Yes, according to this writer, referring to a recent speech by Paul Volcker to a Toronto audience. The author also cites several business leader on the importance of how liberal education supports the moral ecology that sustains a free economy. http://www.calgaryherald.com/Technology/Arts+education+might+have+aver…

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Job Interviews: A View from the Trenches
By Anonymous on February 18, 2009

Finding the right academic job is one of the most important events in the life of any faculty member. And an essential first step in this process is the job interview. The LASC Blog has now listed a number of postings regarding the job interview- a sort of master list of do's and don't's. I have been deep in the trenches of interviewing candidates and attending candidate presentations during the last few months and would like to offer the following recommendations.

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The Job Search and Interview Process
By Gerson Moreno-Riano on December 30, 2008

In a number of posts, Phil Hamilton has provided invaluable advice for advanced graduate students and recent Ph.D.'s regarding the job search process. In this post, I want to continue this blog theme. Currently, I am involved in two search committees and am involved in evaluating a number of different candidates. And, as always, such activities allow one to learn much about the current state of the profession as well as the types of candidates in the field. Now, I confess. The following observations are not "rocket science." They are quite common sensical. But you would be surprised to know the number of candidates that do not abide by them or appear to have never thought about them. With this in mind, consider the following:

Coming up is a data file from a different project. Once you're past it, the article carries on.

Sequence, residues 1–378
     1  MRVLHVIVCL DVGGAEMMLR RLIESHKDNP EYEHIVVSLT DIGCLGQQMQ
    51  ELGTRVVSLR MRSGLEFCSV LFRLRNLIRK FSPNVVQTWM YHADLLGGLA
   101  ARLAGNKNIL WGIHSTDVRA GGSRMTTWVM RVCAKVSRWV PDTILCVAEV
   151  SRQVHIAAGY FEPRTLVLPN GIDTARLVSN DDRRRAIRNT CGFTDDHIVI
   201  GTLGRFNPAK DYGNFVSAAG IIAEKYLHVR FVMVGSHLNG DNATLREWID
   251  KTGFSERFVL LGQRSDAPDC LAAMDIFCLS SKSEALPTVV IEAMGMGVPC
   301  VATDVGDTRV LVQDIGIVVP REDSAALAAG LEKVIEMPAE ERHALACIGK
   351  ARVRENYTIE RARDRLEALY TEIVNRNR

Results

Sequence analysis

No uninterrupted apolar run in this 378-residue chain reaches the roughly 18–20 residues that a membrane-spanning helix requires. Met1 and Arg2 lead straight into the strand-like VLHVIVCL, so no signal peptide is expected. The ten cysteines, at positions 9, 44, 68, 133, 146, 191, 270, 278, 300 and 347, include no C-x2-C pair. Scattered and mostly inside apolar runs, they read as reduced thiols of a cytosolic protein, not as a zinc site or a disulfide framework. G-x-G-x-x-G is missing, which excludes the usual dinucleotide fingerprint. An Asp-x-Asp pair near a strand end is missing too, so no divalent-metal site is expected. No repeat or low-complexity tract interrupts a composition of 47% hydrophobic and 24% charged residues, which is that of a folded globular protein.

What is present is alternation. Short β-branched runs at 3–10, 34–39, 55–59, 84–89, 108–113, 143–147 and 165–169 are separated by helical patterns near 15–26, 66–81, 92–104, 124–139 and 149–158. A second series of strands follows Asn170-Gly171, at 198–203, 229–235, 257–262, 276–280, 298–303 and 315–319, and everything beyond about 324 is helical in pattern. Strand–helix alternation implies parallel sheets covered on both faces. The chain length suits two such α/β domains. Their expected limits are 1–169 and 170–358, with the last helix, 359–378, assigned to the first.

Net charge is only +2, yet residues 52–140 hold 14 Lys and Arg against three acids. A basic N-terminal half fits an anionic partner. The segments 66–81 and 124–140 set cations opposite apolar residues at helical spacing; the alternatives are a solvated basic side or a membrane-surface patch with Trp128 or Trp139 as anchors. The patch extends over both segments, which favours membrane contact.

1. Submit ALL requirements that potential employers require in the manner required. Many candidates do not fulfill this basic requirement. Somehow some job candidates expect search committees to be flexible and to accommodate the applicant's schedules, preferences, idiosyncratic behaviors, or plain and simply lack of professionalism. This is a major error that a job seeker cannot afford to make.
  2. Do not pester the search committee or related personnel. In some of the search committees in which I have participated, some candidates have bombarded the committee or its staff with 3-5 emails per week and sometime per day! This not only frustrates the committee but demonstrates a great sense of insecurity and immaturity on the part of the candidate. This is another error to be avoided.